Originally, living will forms were merely statements that a person did not want life-prolonging procedures if he or she became terminally ill or injured. All that was needed was for the person to fill in his or her name, then sign and date the form. Sometimes the form was also signed by witnesses, and sometimes it was notarized. Some of the living will forms approved by state legislatures are still of this simple nature.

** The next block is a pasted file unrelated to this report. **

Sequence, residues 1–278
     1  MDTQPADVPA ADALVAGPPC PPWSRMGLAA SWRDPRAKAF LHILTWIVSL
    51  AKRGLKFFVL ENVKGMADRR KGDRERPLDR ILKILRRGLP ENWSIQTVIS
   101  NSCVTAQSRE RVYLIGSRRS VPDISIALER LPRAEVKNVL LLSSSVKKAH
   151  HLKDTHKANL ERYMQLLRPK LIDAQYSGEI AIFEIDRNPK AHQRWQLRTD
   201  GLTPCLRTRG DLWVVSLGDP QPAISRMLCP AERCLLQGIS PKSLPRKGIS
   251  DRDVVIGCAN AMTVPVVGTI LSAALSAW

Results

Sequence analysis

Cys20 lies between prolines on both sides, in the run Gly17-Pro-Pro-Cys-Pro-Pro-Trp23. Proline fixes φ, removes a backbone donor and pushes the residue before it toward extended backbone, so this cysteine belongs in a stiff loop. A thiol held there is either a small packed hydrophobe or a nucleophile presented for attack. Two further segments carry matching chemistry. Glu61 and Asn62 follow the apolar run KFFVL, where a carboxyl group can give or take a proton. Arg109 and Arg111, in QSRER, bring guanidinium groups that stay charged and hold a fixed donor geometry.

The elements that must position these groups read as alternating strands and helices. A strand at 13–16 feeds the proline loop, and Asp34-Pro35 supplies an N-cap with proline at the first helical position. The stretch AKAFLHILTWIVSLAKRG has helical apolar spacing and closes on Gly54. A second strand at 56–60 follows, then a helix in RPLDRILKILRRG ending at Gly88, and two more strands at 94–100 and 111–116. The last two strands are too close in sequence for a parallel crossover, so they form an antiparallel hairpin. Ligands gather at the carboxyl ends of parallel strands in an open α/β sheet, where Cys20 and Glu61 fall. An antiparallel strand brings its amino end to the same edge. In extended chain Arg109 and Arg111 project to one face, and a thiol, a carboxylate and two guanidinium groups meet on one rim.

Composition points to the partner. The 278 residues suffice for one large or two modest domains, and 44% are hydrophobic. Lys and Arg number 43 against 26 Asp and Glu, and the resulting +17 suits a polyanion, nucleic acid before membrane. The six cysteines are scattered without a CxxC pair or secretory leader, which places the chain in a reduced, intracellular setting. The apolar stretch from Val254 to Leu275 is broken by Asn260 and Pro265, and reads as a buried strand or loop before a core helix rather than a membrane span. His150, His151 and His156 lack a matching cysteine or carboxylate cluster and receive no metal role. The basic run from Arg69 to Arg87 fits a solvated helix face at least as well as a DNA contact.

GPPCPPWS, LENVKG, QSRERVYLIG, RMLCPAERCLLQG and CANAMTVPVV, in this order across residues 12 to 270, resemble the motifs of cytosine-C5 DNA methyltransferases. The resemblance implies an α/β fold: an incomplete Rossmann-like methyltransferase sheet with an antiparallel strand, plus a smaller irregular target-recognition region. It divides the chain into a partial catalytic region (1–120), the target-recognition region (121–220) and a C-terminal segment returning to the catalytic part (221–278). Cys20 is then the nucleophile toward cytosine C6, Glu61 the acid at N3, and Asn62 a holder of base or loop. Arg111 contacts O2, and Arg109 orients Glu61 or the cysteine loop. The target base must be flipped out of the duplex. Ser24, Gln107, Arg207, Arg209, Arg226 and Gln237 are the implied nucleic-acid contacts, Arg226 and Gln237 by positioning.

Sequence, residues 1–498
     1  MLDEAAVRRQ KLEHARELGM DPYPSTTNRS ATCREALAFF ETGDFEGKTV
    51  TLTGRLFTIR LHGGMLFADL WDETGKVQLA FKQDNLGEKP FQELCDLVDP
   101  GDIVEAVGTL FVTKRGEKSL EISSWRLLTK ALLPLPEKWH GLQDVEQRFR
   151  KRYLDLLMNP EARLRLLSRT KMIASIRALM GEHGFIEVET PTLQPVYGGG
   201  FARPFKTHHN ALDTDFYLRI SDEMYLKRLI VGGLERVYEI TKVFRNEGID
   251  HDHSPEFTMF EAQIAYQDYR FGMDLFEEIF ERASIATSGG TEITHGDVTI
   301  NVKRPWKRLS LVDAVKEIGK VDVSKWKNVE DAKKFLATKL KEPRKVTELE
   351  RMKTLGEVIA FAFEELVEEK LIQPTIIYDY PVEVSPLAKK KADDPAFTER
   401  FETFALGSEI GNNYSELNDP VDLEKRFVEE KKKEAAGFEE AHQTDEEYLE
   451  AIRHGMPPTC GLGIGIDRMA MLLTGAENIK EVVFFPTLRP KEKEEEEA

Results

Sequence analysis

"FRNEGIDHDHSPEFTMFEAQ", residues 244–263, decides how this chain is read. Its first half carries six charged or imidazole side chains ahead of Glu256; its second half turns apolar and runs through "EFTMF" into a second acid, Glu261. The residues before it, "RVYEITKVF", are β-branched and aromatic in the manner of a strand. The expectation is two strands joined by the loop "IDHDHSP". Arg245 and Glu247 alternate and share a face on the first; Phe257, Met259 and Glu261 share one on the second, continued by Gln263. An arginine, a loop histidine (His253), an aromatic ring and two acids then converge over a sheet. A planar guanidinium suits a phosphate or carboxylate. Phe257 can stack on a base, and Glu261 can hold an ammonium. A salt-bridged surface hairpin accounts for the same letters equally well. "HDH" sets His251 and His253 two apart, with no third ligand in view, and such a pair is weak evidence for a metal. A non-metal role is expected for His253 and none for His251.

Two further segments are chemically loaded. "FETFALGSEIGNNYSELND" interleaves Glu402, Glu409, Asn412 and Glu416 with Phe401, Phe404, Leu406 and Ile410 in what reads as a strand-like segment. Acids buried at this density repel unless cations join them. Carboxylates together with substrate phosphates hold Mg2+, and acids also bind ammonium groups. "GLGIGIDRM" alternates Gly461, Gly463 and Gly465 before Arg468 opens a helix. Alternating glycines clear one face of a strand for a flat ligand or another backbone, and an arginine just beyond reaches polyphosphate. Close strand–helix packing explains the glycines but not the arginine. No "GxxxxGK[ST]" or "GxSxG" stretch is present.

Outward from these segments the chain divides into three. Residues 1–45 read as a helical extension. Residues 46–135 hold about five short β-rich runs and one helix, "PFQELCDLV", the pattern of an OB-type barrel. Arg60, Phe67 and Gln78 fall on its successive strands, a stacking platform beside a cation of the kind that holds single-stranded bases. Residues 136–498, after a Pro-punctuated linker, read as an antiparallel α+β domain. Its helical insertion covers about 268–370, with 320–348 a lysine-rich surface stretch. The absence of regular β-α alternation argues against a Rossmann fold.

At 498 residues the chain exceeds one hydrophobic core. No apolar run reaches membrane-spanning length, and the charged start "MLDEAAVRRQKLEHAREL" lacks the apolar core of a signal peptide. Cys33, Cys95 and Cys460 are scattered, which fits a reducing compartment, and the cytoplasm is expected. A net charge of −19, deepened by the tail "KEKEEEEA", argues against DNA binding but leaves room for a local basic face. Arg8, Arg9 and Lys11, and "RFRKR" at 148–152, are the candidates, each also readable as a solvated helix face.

Over the years, it became apparent that people were often facing complicated situations, and living wills were developed to cover a wider range of possibilities. Many states now allow you to make choices on matters such as:
- including coverage for a persistent vegetative state, even if your condition is not terminal;
- specifying which medical procedures you do or do not want;
- determining the use of artificial nutrition and hydration (i.e., the use of gastric tubes and intravenous feeding);
- stating that you do want life-prolonging procedures; and
- having spaces for you to write in any other specific instructions or wishes regarding your medical treatment.